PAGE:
“No matter what your identity is, what you say and do is political. … It’s just a matter of what kind of politics are you trying to advance. What kind of political values are you leading with?”
It wasn’t until Patty Ahn was 23 years old that they came out to themself.
Patty, who uses the pronouns “they” and “them,” was aware the news wouldn’t sit well with their parents because of the culture in Korean communities, reflective of the particularly conservative sect of Christianity many practice. So, they spent most of high school and college poking their head out and in of the proverbial closet until their dad passed away, which is when Patty finally came out to their mom and sisters. They said they aren’t sure if they would’ve come out if he were still alive today. As with many Korean households, there was some domestic violence in their early childhood, which would’ve made this feat especially difficult.
It’s these kinds of experiences in which Patty has existed in the margins — growing up in America as a woman of color but within Korean culture, as a queer person who presents as queer — that have shaped their perspective as a scholar and media activist.
With a Ph.D in critical studies from the University of Southern California’s School of Cinematic Arts, Patty’s research and teachings lie in the intersection of media, gender and race studies. In fact, it was actually while watching Korean documentaries that Patty learned the power of cinema. They recalled how the films were able to fill in the blanks of their identity that had been left unanswered and realized then the power of media as an instrument of influence.
In recent years, K-pop has been a particular interest for Patty, who uses the musical genre as a vehicle for thinking about South Korea’s political history. Like the rest of Korea’s financial system, the K-pop industry is dominated by big conglomerates that treat idol groups like export products. It’s an interesting window into how the country’s culture and economy work. At the same time, Patty looks to make connections that may not be obvious to others, especially given the impact the genre has on such a large and young audience.
One such example of this is their current project Black/Korea, for which they were awarded a Hellman Fellowship in 2018. Black/Korea is a documentary that discusses how K-pop was born of the black-Korean music exchange that took place on American military bases in 1950s Korea. Here, Patty dives into the rarely discussed relationship between K-pop and American black music and culture.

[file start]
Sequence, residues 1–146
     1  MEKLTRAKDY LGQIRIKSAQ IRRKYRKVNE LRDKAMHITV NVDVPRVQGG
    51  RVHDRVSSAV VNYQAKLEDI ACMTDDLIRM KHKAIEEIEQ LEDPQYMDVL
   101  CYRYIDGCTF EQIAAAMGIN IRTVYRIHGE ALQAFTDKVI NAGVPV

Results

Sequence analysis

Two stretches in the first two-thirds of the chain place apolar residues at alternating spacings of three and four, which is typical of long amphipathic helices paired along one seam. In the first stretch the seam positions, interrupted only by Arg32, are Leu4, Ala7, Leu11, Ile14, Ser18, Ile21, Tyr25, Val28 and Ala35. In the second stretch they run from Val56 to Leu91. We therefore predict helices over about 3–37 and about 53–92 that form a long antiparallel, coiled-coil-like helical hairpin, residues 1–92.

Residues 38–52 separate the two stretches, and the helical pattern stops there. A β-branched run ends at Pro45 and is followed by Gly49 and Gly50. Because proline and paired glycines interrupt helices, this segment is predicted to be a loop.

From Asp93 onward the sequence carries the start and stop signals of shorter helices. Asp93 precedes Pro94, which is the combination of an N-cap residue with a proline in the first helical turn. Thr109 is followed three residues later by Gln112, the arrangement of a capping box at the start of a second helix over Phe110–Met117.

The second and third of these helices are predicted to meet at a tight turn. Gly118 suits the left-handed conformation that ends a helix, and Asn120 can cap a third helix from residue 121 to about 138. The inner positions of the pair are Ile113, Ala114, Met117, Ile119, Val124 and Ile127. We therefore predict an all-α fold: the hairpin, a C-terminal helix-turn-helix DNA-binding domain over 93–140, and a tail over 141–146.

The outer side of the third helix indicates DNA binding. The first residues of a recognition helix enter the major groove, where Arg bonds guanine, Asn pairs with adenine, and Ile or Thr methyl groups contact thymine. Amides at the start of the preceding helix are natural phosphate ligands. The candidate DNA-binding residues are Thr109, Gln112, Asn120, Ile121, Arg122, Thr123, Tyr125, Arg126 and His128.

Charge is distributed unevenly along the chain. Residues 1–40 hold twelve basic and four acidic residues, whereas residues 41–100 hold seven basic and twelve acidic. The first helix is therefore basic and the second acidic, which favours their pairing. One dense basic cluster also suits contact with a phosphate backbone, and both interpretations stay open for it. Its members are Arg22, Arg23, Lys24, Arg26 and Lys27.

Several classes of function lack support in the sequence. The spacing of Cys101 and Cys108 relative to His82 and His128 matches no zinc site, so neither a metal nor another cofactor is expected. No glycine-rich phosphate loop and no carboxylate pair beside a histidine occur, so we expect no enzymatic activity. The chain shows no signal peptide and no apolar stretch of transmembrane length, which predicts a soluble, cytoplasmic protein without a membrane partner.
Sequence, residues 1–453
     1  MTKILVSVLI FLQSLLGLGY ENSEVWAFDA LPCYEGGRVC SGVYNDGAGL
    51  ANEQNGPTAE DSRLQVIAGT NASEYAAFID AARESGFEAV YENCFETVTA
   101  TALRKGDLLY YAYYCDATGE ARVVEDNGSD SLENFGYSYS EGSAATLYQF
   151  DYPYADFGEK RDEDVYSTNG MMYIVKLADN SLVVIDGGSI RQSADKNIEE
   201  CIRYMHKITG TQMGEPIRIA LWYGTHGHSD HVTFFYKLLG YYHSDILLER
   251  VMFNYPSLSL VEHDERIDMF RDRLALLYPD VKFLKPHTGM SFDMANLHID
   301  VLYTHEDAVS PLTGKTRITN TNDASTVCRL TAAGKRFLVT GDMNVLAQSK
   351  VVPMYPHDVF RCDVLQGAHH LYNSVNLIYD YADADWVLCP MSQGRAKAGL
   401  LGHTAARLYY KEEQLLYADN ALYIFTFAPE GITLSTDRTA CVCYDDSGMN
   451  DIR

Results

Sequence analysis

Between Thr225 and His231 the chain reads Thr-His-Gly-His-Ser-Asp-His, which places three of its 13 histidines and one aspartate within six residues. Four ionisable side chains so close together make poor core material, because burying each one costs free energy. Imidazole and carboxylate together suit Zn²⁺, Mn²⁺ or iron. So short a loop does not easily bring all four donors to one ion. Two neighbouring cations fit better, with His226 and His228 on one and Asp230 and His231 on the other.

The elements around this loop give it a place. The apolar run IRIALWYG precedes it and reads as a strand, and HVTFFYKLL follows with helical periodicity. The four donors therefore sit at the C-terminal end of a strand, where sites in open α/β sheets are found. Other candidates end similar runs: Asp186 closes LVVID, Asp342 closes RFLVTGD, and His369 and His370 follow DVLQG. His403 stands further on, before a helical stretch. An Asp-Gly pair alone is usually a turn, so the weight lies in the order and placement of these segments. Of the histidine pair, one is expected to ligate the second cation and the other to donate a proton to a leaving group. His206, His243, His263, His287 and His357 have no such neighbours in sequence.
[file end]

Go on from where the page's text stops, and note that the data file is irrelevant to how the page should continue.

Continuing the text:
These kinds of connections are ones most people may not see, but that Patty is able to make. Having been “on the outside” with a fragmented story of themself has allowed them to always ask questions — especially when certain narratives feel too simplistic. They ask, “Why are these stories getting repeated over and over again. Who does it serve? Is it used to silence other stories?”
Patty has learned that following these questions usually leads to discovering important but untold stories, as was the case when Patty went out to Standing Rock Protests, where indigenous and environmental activists opposed the construction of the Dakota Access Pipeline, to produce video pieces for Buzzfeed. While there, they were also part of a production team that created a documentary on Native American women activists in their 70s who had been fighting for their rights for decades.
For Patty, activism isn’t always about doing the obvious. Their research is always intentionally shaped toward an activist goal, and a vision of the future where everyone’s lives are valued and basic rights are met. “No matter what your identity is, what you say and do is political. It has political impact,” Patty said. “It’s just a matter of what kind of politics are you trying to advance. What kind of political values are you leading with?”